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I am trying to bring a company up to HIPAA standards and help them secure their customer health information. A question that sometimes comes up is that developers want to take databases of customer's data and store it on their computers and work with it.

I have always said no to this because I cannot control what happens on their computers. Even if it's a work computer, I do not control the network that it is in ; Because of this I am public enemy number 1 again.

What are some solutions that would maintain compliance and handle data securely and allow developers to continue to work on the data that we receive?

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Hi there Aperture Security,

First off I can assure you, you are not public enemy number one and where patient data is involved it is better to be safe than sorry.

That being said there is also a need for developers to be able to work from home so I would not leave them without that option. A possible solution is implement work computers that when working off site are either secured through a VPN or are not able to connect to the network at all, also would recommend basic security education to be a second as funnily enough physical theft and clicking that weird email will be just as bad in offsite work as theft through network.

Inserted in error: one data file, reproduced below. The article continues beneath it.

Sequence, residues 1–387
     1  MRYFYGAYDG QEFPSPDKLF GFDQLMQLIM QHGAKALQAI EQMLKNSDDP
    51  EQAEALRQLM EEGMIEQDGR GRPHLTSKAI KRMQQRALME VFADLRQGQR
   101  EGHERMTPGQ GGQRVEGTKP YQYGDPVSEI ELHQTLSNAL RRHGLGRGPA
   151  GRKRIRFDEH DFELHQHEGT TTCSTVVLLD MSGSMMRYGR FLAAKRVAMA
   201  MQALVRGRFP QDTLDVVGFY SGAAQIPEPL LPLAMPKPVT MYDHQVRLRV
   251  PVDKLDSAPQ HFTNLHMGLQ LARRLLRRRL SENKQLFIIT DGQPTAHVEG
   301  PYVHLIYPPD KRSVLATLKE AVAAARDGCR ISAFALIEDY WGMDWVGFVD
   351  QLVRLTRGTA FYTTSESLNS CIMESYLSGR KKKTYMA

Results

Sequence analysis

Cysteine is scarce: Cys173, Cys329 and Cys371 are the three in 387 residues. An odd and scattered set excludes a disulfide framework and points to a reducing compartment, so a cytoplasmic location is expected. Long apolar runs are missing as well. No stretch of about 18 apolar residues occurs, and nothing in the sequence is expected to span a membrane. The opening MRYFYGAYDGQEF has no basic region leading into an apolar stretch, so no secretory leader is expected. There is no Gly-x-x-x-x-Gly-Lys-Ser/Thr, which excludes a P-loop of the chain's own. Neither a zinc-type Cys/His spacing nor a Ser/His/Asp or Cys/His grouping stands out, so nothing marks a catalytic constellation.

References:

  • Irronically, this is what I've suggested that we do . – Qndel Dec 9 '17 at 11:07
  • Well then hopefully they take you're opinion then, got to love it when developers don't care about security... – user165319 Dec 9 '17 at 12:43
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I find it very surprising that your "developers" routinely work with live data. Even when I have been working in unregulated environments, developers used dedicated databases, except in unusual and infrequent instances. It sounds like you have a bigger problem than just developers taking data home.

I am not familiar with the requirements of HIPAA, but as a first step I would be looking to provision easier access to anonymized datasets within your office.

Beyond that, I would suggest that allowing developers to host data (and other intellectual property) on their own machines is not a desirable outcome. And the easiest way to win this one is to make it easier for them to access the tools and data they need then to copy it elsewhere.

Rather than dictating solutions, you might start by establishing a set of constraints and talking to the developers about a solution.

  • Funny that you mention this . Last few times I did this , I suggested that all received test data be gleaned of important information. I have every time been shutdown for this. We are talking abot a solution , but I thought to ask here because I was sure people have gone through this before. – Qndel Dec 10 '17 at 6:05

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